Best known for the TV character Lou Grant in the shows “Mary Tyler Moore” and “Lou Grant,” actor Ed Asner will star in the one-man show “FDR” on Saturday, Feb. 2 at the Batavia Fine Arts Centre, 1201 Main St., Batavia, located on the campus of Batavia High School.
“FDR” is based on Dore Schary’s Broadway hit, “Sunrise at Campobello,” which ran 70 weeks on Broadway. The show starts at 7:30 p.m., and tickets range in price from $27 to $37, available at www.bataviafineartscentre.org.
Kane County Chronicle reporter Eric Schelkopf had the chance to talk with the 83-year-old Asner about the show and his illustrious career.
Eric Schelkopf: How did you get interested in playing the role of FDR?
Ed Asner: He’s one of the greatest Americans that’s ever lived. I don’t look like him, I don’t sound like him.
But I love doing his words. And I think that maybe some of it rubs off.
ES: How did you go about preparing for the role?
AS: Well, I’ve always idolized Franklin D. Roosevelt. Philip Langner, the producer, asked me to do a reading of Dore Schary’s “FDR.”
I did it; it went OK, and then Philip thought, “Well, why don’t we maybe take it out as a one-man show.” So that is what you are going to see.
ES: And what should people expect when they come to the show?
AS: A reincarnation. Even though I don’t look like him or sound like him.
ES: How many shows have you done?
AS: This is our fourth year, and we’ve done at least 100.
ES: What do you enjoy about playing FDR and presenting it to people?
AS: The audiences who come are, once again, paying homage to the great man. I think they become emboldened, and learn that they can expect more than they have up until now from President Obama.
ES: Of course, you’ve played many characters over the years, and one of your most beloved characters has to be Lou Grant. How did you go about preparing for the role of Lou Grant?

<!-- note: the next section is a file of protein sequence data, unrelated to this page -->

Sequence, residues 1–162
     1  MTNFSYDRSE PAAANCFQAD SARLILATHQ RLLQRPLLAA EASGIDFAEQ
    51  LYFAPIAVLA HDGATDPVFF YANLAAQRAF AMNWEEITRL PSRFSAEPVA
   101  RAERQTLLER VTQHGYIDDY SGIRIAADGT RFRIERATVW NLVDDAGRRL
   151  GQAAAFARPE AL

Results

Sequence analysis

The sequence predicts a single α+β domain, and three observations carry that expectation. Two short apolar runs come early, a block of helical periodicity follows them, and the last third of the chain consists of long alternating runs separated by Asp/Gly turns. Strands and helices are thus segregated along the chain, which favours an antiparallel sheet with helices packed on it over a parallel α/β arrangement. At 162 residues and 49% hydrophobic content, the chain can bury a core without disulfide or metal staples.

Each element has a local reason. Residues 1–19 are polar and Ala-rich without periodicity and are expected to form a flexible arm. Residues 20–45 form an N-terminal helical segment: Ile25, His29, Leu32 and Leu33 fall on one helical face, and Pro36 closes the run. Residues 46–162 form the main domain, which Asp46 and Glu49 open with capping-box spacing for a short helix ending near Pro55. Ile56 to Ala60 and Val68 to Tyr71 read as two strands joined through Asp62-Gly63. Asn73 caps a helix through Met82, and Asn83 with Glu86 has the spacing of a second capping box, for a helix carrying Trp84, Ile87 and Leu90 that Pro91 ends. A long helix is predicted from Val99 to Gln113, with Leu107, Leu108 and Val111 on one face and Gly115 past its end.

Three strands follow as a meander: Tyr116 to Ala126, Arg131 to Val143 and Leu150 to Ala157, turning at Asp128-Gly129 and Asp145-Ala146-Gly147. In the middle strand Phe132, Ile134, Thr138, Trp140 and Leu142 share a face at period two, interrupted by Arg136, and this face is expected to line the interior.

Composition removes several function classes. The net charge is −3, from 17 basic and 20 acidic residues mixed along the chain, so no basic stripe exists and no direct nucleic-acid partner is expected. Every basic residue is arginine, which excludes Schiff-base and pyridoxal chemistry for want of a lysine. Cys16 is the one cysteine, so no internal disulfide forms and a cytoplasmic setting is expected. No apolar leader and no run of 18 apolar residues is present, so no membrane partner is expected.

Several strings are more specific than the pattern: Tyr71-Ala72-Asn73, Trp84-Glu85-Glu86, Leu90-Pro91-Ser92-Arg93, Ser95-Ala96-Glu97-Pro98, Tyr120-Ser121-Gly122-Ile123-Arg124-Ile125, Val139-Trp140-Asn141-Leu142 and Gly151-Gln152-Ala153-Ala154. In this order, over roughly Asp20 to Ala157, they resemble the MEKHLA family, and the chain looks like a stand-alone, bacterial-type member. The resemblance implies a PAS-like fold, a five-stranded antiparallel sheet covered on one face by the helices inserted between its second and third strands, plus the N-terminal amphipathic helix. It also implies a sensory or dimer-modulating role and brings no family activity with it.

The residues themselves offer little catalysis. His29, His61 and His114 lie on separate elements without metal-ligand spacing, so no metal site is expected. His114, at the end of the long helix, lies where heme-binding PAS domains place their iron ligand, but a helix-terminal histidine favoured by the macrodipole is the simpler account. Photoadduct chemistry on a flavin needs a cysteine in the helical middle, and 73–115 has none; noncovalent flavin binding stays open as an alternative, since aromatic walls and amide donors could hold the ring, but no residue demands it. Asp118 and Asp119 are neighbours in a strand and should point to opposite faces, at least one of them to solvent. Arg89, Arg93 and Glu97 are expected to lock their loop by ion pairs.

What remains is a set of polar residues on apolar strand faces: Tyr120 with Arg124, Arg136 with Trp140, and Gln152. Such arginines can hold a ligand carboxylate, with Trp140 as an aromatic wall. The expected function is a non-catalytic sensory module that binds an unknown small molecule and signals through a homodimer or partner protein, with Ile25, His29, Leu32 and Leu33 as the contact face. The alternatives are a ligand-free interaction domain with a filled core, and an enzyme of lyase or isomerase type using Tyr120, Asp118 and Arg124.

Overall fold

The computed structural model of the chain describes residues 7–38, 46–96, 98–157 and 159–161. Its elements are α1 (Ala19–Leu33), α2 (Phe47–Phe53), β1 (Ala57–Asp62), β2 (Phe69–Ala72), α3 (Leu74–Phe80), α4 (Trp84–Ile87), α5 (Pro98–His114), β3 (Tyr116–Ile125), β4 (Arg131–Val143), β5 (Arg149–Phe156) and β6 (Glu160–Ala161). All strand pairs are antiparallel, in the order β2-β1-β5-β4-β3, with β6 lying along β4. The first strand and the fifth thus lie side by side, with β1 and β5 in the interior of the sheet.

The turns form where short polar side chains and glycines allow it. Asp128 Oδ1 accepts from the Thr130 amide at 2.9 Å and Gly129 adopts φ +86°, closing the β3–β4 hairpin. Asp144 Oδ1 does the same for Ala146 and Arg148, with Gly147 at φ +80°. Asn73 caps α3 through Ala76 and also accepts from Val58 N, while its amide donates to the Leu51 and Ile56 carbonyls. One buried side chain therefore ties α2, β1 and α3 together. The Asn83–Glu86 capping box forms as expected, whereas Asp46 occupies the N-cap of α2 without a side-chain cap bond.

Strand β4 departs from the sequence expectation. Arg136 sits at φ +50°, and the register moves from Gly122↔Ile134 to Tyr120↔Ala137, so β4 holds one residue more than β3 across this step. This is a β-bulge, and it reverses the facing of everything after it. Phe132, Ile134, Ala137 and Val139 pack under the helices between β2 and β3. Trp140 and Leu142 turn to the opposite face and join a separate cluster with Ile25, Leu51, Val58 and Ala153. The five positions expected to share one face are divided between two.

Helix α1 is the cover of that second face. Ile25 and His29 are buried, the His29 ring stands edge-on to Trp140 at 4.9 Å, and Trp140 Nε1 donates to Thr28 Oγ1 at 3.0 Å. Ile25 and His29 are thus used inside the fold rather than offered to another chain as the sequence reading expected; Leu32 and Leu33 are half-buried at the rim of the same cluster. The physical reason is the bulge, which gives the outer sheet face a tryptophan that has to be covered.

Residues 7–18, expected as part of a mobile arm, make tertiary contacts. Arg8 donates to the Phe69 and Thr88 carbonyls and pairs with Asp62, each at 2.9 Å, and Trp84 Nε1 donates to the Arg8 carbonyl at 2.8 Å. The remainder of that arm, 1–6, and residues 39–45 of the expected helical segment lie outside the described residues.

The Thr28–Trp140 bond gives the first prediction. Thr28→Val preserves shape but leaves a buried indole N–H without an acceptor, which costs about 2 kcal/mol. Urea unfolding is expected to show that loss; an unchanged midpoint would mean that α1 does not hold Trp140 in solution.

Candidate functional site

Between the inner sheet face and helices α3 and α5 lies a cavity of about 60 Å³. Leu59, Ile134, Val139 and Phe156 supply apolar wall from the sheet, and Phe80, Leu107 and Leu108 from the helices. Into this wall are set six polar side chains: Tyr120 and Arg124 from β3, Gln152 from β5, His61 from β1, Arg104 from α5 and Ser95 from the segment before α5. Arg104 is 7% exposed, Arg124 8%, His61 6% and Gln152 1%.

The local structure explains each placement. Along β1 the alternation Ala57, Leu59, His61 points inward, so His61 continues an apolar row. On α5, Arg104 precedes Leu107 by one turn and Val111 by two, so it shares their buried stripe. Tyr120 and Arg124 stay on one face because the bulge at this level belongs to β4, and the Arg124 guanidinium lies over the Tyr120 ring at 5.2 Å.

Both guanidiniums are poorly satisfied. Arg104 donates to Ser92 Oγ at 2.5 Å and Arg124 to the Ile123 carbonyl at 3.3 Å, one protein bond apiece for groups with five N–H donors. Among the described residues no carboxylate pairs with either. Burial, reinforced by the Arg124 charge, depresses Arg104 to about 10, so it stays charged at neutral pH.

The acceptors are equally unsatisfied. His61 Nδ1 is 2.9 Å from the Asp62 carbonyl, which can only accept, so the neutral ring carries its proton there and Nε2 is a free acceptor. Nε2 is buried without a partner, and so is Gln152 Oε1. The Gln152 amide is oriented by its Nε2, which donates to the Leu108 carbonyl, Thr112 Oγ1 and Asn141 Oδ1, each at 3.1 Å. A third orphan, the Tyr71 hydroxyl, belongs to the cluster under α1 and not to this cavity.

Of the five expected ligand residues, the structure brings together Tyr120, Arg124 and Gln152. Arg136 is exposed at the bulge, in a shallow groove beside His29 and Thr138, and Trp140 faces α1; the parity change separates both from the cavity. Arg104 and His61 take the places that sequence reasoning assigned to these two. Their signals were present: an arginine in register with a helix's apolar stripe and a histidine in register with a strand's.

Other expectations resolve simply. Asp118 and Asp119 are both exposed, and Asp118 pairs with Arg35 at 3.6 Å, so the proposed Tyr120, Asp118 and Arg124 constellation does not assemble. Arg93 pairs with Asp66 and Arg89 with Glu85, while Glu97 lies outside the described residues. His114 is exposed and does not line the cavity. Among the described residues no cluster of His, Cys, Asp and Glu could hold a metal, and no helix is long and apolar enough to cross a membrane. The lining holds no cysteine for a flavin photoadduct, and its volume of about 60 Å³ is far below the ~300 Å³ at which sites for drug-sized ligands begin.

AS: I was a high school journalist, and I always held journalism as an icon career.
Unfortunately, my high school journalism teacher came up to my desk one day and said, “Are you thinking of journalism as your career?” I said, “Yeah, I am.”
He said, “I wouldn’t.” When I asked him why not, he told me I couldn’t make a living from it. So, I went on to become an overnight sensation as an actor.
ES: As far as that role, were there specific things you were looking to do in that role?
AS: I wanted to champion the underdog, non-majority opinion.
ES: Did you plan to continue acting as long as you have?
AS: I had always planned to act until they put me in the box. I might even be acting once they put me in there.
Do you want to be a pall bearer when they bury me?
ES: It would be a privilege for me to do that.
AS: Well, once I feel I can trust you, then I’ll put your name down.
ES: People might also recognize you as the voice of the character Carl Fredricksen in the movie, “Up.” What made you want to be part of that movie?
AS: It’s a job. And I had never been asked to work on anything by Disney, so that’s a big honor. So, I leaped at the chance.
And they haven’t asked me back since.
ES: That’s too bad.
AS: Well, I think they’re being very spiteful.
ES: What did you try to bring to that role?
AS: My wonderful humanity. That’s what I’m known for. I could do Hitler, and you would say, “What a sweet guy.”
ES: Do you have any dream projects, anything that you would really like to do?
AS: Oh, yeah, I’ve got a movie that I want to get done, but I can’t seem to get going, on the Spanish Civil War.
ES: What would your role be in that?
AS: A minor role. Whatever I would do would not be very important. I’ll be a producer if it ever gets done.
ES: What advice would you give to a budding actor?
AS: The world is their oyster, but it’s a chaotic business and they shouldn’t expect to get rich.
If you can raise a family off what you make, you’re ahead of the game.
The world needs drama and comedy more than ever.